Georgia Motorcycle Safety Advocacy

Almost 5,000 motorcyclists died in 2012, accounting for 15% of all traffic fatalities. This is true even though motorcycles account for only about 3% of motor vehicles on the road. The sad fact is that motorcyclists are far more likely to die in a collision than occupants of automobiles - 35 times more likely, in fact. Motorcycles are designed for higher performance than most automobiles, yet at the same time they are less stable and less visible to other drivers. And of course, riders are much more exposed and less protected in the event of a crash. Many organizations take motorcycle safety very seriously and try to raise awareness of the laws, rules, and basic traffic safety tips that riders and drivers alike can take to share the road the safely.

  • The National Highway Traffic Safety Administration declares every May to be Motorcycle Safety Awareness Month and launches motorcycle safety campaigns such as Share the Road with Motorcycles and Drunk Riding Prevention.
  • The Advocates for Highway & Auto Safety, an alliance of consumer and safety groups and insurance companies, advocates for highway safety through its website - www.saferoads.org - and publishes information on traffic safety laws for every state. The page on Georgia shows the state fares well for having a universal helmet law, but other laws would help make the roads safer by enacting tougher standards for teen drivers and drunk drivers.
  • The Governors Highway Safety Association also publishes state-by-state information on traffic safety laws, including a page showing the key highway safety laws in Georgia, regarding important topics such as cell phones and texting, aggressive driving and speed limits.
  • The Georgia Governor's Office of Highway Safety advocates for motorcycle safety as well. Their data reflect between 100 and 200 motorcycle fatalities every year and show the difference it makes if the rider was wearing a helmet and if either the rider or the other driver was sober.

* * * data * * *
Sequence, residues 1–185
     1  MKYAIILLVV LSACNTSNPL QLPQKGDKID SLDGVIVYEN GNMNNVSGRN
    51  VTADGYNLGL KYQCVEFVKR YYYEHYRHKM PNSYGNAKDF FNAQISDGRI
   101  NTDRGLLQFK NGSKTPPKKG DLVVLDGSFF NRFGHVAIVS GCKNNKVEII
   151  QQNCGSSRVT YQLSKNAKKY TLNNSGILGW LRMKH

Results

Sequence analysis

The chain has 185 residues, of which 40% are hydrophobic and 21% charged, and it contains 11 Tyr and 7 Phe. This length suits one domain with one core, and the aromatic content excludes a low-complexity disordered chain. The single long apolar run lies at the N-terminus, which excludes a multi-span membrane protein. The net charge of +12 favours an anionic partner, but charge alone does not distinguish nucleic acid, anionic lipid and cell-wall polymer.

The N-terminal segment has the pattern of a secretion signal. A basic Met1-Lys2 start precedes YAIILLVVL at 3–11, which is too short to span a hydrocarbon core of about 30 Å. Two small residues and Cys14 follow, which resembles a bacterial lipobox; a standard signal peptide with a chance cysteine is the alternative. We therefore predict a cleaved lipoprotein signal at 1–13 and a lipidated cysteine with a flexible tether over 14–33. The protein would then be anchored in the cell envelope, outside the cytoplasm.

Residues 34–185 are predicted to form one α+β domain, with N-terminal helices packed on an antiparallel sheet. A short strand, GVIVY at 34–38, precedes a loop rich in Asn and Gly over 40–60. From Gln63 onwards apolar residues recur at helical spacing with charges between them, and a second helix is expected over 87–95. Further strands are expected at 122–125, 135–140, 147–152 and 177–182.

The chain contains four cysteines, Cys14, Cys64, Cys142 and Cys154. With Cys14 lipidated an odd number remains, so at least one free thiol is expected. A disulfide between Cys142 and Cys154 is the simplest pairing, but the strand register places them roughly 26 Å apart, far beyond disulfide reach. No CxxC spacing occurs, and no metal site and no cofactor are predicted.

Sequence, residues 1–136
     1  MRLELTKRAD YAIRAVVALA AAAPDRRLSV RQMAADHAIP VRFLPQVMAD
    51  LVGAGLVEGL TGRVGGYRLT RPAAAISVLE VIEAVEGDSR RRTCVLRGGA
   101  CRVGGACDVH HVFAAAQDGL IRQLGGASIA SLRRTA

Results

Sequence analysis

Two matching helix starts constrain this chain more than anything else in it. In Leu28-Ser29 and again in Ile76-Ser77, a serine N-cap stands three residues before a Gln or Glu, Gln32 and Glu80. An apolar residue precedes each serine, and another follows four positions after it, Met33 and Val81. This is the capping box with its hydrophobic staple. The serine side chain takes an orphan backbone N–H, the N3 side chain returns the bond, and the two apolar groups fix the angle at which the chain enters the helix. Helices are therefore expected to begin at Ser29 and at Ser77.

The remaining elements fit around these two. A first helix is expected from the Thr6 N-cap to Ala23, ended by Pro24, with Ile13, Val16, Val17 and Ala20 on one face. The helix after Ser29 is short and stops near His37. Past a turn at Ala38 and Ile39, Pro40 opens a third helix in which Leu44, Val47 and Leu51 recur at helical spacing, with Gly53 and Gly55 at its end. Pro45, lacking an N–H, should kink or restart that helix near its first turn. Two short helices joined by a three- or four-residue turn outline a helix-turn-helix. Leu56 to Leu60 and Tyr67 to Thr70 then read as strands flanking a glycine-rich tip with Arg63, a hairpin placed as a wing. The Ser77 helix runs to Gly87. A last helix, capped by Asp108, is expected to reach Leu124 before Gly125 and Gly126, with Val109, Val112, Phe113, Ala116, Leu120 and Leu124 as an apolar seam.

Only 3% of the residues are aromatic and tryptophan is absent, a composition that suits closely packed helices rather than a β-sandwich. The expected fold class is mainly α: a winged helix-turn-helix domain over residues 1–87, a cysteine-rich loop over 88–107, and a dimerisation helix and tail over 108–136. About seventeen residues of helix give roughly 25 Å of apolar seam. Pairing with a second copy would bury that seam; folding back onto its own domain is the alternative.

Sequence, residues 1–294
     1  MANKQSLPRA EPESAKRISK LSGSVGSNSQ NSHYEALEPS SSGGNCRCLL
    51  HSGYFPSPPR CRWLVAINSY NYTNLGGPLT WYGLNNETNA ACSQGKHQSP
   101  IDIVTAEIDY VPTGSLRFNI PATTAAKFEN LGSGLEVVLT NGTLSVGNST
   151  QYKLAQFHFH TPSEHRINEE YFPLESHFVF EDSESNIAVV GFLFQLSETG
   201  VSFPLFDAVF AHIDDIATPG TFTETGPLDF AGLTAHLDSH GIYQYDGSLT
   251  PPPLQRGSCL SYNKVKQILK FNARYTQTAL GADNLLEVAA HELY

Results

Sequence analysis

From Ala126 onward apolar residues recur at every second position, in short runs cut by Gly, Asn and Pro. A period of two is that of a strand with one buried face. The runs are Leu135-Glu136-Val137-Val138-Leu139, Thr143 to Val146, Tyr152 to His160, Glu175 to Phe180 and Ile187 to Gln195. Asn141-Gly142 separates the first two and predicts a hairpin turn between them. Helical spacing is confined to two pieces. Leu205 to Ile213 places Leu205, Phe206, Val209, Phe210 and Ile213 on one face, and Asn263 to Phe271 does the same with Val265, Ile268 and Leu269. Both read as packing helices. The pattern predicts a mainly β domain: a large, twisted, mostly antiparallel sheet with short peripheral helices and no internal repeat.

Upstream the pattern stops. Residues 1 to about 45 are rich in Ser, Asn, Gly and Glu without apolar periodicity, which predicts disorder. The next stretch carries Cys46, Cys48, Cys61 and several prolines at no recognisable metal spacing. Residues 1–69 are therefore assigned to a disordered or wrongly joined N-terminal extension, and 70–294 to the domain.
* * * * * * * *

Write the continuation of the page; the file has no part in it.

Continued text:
Georgia Motorcycle Safety Training Program

In addition, the Georgia Department of Driver Services (DDS) runs a Motorcycle Operator Safety Training Program based on the Motorcycle Safety Foundation Motorcycle Rider Course. Sections 40-15-1 through 40-15-5 of the Georgia Code authorize this program and set up a state-wide motorcycle safety coordinator to carry out and enforce motorcycle laws and regulations and promote motorcycle safety. DDS issues a certificate of completion for those who finish the course and helps riders meet the requirements for licensed motorcycle riding in the state. The program includes a course for instructors as well, who must be of good moral character, be physically able to safely operate a motorcycle and instruct others, hold a valid Class M driver's license, and pass an exam administered by the coordinator testing knowledge of operator education and possession of skills to instruct others.

Motorcycle Accident Lawyers Representing Georgia Bikers

Unfortunately, despite all of these efforts, motorcycle accidents and deaths are generally increasing from year to year. Most accidents are preventable if riders and drivers alike will practice safe and defensive driving and stay alert to the conditions around them at all times. When negligence, reckless driving, or distracted driving causes serious personal injury or wrongful death to another, the responsible party should be held accountable to the individual or family they have harmed.

If you or a loved one has been hurt in a Georgia motorcycle accident, the Katz Wright Fleming Dodson & Mildenhall LLC legal team in Atlanta can help you recover compensation for your medical expenses, pain and suffering, and economic losses. Call us at (404) 460-0101 in Atlanta or toll free at (404) 460-0101 in Athens, Rome, and surrounding areas in northern Georgia.

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